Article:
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Issue Report

Collection of full-length papers and in-depth analysis of economic and management issues.

Urban Regeneration: The Key to Reviving Cities

Urban Regeneration: The Key to Reviving Cities

PARK Kang-Ah

Aug. 2, 2012

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Urbanization is the sine qua non of economic development, and rapid development in emerging economies has moved half the world into new and growing cities. Growth in these fast growing metros will only continue, putting urbanites at 60 percent of the global population by 2030. For established cities, however, signs of decline are starting to appear, suggesting that the time has come to rejuvenate existing urban neighborhoods. Maintaining the attractiveness of these cities as places to live necessitates "urban regeneration." A unique renewal process is needed to renew western cities that have experienced a collapse in their manufacturing sector, even as other cities suffer from overpopulation and regional disparities in income.

Urban regeneration infuses a city with vitality, restores its functions, and has positive effects on urban residents. Improvements in the outdated environment and decrepit infrastructure can enhance quality of life and create jobs. In the past, urban regeneration was carried out by administrative authorities through total demolition and reconstruction, but changes in approach have arrived. The past focus on "hardware aspects" like reconstruction and redevelopment placed greater emphasis on the improvement of urban functions and speed of administration, while often being inflexible in the selection of target areas. Lately however, the focus has shifted to "software aspects." Urban regeneration now emphasizes "revitalization" and "reinvention," and can be summarized with three keywords: sensibility, DIY and pop-up. In other words, elements like culture, arts and history are actively exploited as attraction factors for populations and industries; the scope and role of resident participation is expanded; and "pop-up" style development that appears temporarily and then disappears quickly is encouraged to reuse vacant spaces within urban areas.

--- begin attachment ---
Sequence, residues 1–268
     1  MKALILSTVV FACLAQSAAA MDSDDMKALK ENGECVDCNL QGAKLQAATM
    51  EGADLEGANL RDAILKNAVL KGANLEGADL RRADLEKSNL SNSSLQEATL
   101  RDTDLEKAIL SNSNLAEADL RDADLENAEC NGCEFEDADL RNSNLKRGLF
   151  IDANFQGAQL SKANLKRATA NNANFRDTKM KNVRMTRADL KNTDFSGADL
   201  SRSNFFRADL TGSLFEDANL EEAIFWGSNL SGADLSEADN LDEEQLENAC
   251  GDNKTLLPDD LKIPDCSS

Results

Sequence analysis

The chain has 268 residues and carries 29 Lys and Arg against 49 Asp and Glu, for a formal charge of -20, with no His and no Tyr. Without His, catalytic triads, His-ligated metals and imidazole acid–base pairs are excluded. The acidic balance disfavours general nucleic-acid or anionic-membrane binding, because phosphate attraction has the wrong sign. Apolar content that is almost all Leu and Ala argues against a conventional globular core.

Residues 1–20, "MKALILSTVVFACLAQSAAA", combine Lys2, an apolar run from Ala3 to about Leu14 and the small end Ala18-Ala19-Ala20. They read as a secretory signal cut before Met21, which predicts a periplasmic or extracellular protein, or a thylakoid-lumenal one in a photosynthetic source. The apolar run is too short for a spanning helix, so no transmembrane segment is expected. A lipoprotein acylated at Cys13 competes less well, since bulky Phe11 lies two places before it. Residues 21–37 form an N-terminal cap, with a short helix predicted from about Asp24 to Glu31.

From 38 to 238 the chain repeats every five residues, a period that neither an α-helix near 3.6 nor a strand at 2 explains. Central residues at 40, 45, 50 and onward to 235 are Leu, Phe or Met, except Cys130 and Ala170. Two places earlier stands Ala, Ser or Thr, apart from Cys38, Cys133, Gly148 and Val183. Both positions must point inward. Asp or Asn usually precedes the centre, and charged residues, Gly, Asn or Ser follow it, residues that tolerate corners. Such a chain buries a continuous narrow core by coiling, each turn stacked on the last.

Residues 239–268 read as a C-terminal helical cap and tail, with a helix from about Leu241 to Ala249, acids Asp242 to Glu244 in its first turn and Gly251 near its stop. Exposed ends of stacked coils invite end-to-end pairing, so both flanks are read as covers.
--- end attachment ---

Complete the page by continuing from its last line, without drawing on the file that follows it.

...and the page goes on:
To this end, more attention must be paid to the actual process of working together on urban regeneration, rather than looking for favorable short-term results. Along with local administrative authorities and residents, it is critically important for private companies to join in the renewal process, to maintain smooth communication with those primary actors. Throughout the renewal process, private-sector participants should keep an eye out for increasing demand for the improvement of decaying infrastructure. Construction-related companies in particular can enhance marketability by making the best use of keywords like "sensibility," "DIY" and "pop-up" when setting up complexes or architectural structures.

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